Here are the maximum wind gusts (mph) reported at our region's three airports for each of these events:
Winter Storm Date BWI IAD DCA
Draco Dec 22 44 51 43
Euclid Dec 27 46 46 45
Freyr Dec 30 46 47 49
It is certainly unusual to experience three Advisory-level wind storms in the space of a single week. But the series testifies to the ferocity of this season's early winter storms, and the overall pattern of a very energetic jet stream.
In each case, the winds were generated on the back side of a retreating mid-latitude cyclone (low pressure region). Draco was a powerful storm that generated a blizzard over the Great Lakes, then moved over interior New England. Euclid was a Nor'easter (coastal low), as was Freyr.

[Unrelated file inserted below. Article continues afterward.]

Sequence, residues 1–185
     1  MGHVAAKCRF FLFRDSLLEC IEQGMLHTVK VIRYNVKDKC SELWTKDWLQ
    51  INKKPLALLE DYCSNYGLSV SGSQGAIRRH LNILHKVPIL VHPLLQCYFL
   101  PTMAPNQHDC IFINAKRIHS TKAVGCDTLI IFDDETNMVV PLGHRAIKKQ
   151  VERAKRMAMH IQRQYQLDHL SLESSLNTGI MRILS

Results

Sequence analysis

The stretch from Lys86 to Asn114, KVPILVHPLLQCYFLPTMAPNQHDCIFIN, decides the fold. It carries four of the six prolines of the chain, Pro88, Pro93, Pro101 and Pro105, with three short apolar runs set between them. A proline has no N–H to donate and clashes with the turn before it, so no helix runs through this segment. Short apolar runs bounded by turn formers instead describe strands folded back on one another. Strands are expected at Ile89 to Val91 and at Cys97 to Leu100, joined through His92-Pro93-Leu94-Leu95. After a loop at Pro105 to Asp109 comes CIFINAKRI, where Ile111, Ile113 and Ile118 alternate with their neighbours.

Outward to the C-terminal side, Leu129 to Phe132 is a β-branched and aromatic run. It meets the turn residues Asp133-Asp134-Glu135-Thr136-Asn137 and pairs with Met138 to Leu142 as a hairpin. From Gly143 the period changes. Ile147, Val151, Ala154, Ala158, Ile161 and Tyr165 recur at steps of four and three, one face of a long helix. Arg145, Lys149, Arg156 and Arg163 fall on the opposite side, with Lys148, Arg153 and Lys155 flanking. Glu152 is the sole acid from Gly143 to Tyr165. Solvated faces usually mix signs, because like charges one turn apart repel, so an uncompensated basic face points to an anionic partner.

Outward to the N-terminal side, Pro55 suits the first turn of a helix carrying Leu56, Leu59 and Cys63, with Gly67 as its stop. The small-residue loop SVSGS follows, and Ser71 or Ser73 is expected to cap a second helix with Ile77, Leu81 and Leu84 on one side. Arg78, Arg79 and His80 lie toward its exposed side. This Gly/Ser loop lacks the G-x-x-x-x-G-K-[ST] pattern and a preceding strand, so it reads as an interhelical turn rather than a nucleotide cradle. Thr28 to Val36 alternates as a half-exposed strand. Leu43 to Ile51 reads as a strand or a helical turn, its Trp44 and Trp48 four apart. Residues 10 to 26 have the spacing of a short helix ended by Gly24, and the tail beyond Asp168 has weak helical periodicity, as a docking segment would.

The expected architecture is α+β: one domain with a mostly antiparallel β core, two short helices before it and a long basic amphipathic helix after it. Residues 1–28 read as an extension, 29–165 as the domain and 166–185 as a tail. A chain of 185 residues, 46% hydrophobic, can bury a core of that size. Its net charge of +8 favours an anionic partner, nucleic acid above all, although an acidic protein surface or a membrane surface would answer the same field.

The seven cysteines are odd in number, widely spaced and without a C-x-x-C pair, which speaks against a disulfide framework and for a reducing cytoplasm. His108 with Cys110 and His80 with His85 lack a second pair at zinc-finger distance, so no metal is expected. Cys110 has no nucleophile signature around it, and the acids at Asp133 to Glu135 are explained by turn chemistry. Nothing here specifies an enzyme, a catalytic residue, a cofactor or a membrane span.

As each storm moved out of our region (to the northeast), it intensified - meaning the central pressure dropped. At the same time, a cell of strong high pressure approached from the west. The difference in surface pressure between each low and its high - called the pressure gradient - determines wind strength. The gradient became very strong for several hours over the Mid Atlantic during each of these weather systems. An example of this is shown on the surface weather map for Winter Storm Draco:
|Surface weather map December 22, 2012 showing Draco's pressure gradient. Adapted from Unisys Corp|